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Discussion Starter · #1 ·
Nice work here, I may have to print it. The ultimate charging card shows an estimated time of charging required to reach a certain State of Charge (SOC) depending on the starting SOC, plus an estimated starting/final range (in selected range tests).
The ultimate DC fast charging card for ID.4
 

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Wow, the ID.4 doesn't go below 50kW even at 90%. As a BMW i3 driver, I think that is super impressive. (Yes, I know the Hyundai Ioniq 5 might charge even faster at that level, but still)
 

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What I find interesting is that they worked this out in the winter. My Kona had an awful charging curve when it was cold out.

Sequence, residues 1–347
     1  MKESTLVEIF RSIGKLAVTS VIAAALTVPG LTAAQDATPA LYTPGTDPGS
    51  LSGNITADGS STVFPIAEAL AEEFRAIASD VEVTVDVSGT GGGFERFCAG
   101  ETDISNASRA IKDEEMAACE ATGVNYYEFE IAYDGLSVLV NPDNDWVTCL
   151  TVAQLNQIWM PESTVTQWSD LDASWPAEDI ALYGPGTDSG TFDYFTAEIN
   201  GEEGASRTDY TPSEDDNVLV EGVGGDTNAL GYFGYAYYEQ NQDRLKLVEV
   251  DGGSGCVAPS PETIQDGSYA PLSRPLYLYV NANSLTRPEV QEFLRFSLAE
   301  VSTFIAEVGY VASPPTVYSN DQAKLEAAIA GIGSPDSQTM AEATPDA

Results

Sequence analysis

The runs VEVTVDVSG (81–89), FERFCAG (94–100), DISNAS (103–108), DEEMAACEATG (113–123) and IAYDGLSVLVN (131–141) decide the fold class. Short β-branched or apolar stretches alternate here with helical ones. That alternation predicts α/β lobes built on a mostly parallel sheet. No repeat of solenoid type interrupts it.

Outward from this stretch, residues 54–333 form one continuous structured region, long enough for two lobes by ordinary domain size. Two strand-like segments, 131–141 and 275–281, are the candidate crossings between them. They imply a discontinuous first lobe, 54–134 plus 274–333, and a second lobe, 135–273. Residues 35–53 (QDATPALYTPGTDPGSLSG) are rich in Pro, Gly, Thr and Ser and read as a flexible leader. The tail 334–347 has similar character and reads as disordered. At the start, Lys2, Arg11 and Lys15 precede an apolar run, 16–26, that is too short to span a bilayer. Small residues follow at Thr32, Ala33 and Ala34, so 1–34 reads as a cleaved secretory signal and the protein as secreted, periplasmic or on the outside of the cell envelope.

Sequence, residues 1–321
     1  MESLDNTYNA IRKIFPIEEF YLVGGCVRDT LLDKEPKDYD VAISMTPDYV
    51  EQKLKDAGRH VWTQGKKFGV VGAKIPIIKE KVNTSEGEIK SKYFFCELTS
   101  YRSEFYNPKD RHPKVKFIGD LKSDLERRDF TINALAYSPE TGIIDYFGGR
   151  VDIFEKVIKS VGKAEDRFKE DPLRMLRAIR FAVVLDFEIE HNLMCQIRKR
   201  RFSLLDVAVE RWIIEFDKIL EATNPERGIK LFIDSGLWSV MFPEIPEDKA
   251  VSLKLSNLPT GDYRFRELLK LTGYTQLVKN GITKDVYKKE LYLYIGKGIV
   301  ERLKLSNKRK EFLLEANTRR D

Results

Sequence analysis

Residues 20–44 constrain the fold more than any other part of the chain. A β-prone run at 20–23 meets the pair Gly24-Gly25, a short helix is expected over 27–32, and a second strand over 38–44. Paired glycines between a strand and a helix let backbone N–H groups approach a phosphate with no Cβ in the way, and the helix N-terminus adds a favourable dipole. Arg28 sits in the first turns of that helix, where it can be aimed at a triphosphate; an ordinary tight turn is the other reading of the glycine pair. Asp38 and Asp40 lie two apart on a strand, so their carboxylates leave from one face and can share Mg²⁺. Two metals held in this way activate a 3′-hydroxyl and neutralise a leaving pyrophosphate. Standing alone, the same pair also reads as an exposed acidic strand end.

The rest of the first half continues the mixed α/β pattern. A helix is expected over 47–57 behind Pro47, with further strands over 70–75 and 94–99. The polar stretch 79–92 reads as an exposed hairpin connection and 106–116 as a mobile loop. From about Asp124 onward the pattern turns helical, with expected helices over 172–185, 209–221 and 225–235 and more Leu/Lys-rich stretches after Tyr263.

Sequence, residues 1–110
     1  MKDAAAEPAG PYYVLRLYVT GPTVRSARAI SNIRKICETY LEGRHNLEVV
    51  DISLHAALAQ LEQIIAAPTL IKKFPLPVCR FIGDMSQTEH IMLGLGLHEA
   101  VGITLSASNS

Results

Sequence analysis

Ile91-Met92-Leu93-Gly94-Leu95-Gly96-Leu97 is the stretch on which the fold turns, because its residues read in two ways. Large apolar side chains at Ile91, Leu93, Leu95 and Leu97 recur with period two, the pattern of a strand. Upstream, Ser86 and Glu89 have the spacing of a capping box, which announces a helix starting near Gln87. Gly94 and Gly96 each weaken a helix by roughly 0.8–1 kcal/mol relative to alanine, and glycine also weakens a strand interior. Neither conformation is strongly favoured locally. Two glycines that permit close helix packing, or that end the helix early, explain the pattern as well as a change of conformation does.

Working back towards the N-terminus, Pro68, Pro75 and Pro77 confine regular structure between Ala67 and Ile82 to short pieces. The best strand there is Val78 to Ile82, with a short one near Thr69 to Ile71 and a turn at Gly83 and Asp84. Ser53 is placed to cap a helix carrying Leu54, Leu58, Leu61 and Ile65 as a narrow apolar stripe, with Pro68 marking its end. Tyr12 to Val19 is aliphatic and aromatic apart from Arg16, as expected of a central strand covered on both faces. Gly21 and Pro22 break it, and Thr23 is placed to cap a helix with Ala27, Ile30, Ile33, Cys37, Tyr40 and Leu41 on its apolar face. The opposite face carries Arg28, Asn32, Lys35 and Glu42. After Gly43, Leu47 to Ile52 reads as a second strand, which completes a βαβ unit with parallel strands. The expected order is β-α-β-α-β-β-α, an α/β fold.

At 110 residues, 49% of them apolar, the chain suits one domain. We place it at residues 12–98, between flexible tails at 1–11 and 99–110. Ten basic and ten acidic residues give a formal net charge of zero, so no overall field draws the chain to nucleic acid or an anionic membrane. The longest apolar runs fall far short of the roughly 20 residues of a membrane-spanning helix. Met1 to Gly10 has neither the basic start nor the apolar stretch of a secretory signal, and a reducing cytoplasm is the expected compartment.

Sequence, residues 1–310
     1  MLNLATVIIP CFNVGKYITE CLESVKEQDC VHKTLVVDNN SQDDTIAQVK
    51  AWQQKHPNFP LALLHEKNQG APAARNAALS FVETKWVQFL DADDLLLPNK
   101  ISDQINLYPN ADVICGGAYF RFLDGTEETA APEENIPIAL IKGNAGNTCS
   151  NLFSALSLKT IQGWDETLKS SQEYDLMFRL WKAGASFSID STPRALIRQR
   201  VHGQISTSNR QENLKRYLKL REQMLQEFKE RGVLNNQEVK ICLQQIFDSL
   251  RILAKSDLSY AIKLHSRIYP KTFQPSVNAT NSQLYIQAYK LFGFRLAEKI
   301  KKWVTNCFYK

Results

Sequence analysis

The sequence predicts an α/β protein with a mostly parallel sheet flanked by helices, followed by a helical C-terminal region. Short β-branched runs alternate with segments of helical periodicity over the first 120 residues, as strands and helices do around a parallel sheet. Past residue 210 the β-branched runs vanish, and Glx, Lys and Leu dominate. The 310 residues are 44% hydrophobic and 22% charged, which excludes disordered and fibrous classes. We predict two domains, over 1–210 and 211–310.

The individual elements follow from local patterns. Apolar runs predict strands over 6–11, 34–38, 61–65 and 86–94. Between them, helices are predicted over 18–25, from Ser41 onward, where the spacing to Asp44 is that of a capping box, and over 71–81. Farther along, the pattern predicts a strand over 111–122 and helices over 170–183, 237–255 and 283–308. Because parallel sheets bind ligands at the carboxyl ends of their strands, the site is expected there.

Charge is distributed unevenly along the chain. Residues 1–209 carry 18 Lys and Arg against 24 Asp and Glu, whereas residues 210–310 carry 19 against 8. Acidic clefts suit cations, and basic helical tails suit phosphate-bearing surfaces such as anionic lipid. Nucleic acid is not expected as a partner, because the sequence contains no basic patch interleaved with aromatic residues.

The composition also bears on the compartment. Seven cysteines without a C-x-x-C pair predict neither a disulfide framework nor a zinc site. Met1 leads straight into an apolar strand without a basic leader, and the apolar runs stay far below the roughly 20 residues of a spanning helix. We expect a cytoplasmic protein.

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Wow, the ID.4 doesn't go below 50kW even at 90%. As a BMW i3 driver, I think that is super impressive. (Yes, I know the Hyundai Ioniq 5 might charge even faster at that level, but still)
it should say 40kw at 90% depending how low SOC% you started the charging.

If you start charging from 90% and charge to 100% it wont breach 25 kw charging power and will slowly drop to 15-20 depending how cold your batteries are
 
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it should say 40kw at 90% depending how low SOC% you started the charging.

If you start charging from 90% and charge to 100% it wont breach 25 kw charging power and will slowly drop to 15-20 depending how cold your batteries are
thx! 40kW is still impressive.

Starting a fast charge at 90% (or even 80%) seems like an extreme rare edge case, I鈥檓 fine if the charging speeds aren鈥檛 optimized for that.